Gabriel McCloud, 18, has just been killed by driving his truck into a tree while intoxicated. The small town goes into shock. The chapters of the novel are narrated successively by key people in Gabriel's life: his girlfriend; a teacher who saw his potential and gave him extra chances he needed; his embittered and violent father; his two brothers, an uncle who has been estranged from the family for years; the son of the local mortician; a buddy; the sheriff. Each of them goes through a particular kind of shock, grief, and reflection following the loss.

Jennie, Gabriel's girlfriend, pregnant with Gabriel's baby, decides to take herself to the beach and commit suicide. She sits for some time on a rock that will soon be buried by the rising tide, but is eventually spotted and rescued by a man she has feared and despised: Gabriel's father. The various voices that give us vantage points on Gabriel's difficult life and violent death testify also to how important even the life of a somewhat wayward, underachieving, confused teenager can be to a community of people who recognize him, some belatedly, as a gift.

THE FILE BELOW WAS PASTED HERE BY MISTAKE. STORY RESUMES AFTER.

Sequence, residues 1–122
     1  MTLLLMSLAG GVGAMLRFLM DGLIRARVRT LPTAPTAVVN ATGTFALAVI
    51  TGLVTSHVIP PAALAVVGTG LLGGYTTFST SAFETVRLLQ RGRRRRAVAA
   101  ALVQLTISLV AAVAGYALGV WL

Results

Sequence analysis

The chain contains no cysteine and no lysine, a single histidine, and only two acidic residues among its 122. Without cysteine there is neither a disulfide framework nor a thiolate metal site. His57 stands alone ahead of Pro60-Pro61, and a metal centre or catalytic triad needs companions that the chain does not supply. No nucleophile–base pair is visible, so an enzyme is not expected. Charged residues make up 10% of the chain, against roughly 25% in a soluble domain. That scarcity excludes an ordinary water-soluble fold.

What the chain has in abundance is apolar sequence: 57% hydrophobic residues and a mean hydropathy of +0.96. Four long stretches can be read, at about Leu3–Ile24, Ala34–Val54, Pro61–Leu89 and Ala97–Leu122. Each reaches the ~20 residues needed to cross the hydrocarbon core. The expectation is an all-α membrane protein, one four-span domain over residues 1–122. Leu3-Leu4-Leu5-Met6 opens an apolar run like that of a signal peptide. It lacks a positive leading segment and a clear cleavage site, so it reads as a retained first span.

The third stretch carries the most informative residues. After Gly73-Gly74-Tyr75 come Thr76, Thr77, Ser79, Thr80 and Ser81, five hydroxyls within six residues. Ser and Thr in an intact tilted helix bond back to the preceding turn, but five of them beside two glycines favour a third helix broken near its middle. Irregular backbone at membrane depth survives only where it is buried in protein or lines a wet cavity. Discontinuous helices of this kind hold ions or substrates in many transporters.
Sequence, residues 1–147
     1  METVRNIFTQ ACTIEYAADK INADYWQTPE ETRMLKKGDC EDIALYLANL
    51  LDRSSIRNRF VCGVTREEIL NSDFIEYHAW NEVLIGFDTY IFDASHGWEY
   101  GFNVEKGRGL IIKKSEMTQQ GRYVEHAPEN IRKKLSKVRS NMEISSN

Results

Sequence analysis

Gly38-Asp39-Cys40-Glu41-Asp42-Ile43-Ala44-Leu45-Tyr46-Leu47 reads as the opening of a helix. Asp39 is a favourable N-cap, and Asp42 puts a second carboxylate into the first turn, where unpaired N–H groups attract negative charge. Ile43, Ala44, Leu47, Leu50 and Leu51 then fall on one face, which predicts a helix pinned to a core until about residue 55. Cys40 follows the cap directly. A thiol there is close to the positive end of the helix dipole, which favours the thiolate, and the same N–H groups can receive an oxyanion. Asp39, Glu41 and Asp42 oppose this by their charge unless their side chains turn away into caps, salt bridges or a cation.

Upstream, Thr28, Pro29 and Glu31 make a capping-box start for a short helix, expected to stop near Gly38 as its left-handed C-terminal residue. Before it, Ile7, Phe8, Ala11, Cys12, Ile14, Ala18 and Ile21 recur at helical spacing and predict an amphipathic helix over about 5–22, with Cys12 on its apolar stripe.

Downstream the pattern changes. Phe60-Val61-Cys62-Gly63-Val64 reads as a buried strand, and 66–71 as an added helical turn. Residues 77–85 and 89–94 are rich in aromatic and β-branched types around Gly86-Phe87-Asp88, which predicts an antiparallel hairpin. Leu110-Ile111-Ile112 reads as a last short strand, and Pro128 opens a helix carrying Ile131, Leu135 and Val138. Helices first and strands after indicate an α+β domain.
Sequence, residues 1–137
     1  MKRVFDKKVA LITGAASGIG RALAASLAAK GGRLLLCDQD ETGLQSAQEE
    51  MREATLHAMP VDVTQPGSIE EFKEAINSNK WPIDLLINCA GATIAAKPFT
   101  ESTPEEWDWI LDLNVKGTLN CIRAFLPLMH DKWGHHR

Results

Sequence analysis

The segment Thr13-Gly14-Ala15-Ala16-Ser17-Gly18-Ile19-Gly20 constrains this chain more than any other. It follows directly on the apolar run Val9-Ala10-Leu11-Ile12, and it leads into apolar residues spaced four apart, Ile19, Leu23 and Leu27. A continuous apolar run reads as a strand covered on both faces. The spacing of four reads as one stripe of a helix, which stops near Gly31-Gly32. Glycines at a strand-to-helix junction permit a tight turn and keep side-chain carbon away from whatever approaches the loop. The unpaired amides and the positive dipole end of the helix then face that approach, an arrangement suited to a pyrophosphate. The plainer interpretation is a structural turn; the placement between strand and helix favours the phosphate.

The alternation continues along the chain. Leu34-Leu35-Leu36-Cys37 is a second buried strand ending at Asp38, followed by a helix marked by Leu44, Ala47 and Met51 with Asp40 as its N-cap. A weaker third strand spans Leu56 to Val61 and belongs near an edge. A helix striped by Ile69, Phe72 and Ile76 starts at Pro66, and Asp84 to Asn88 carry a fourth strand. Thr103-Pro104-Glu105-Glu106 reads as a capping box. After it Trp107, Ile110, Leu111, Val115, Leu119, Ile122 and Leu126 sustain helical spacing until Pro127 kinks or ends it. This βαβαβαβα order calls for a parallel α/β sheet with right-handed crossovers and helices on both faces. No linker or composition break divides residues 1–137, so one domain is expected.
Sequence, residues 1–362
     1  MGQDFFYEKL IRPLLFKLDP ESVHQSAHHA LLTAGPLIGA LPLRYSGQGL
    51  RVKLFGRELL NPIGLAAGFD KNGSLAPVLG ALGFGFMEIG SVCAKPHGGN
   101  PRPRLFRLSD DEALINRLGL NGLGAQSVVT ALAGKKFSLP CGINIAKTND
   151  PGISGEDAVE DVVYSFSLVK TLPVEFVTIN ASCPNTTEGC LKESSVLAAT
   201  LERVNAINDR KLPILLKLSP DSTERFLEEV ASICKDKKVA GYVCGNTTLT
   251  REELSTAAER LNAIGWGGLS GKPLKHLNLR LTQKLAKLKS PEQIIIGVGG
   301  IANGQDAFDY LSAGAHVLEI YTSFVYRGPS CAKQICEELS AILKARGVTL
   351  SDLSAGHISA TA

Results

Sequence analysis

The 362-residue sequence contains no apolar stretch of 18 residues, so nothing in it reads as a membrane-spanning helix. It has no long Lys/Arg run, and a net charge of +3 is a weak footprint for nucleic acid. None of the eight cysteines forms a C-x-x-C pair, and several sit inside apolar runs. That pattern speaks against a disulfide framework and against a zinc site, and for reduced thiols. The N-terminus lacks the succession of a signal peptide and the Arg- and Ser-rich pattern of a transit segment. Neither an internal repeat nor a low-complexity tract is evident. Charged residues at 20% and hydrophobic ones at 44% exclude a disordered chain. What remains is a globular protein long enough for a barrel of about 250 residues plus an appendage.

The writer renders the various voices and points of view convincingly and compellingly. The reader gets a multi-faceted reflection on grief, on the ripple effects of loss within families and communities, and on the way in which any death brings those near it to terms with their own lives. It's a vigorous, lively book, dark in many ways, but hopeful particularly in the portrait of the teacher who has understood Gabriel's life and insists on honoring him in death, and in the final, tentative moment of reconciliation and consent to life for Jennie and Gabriel's deeply flawed father. A rich book for discussion of loss and of dysfunctional families.



Place Published

New York



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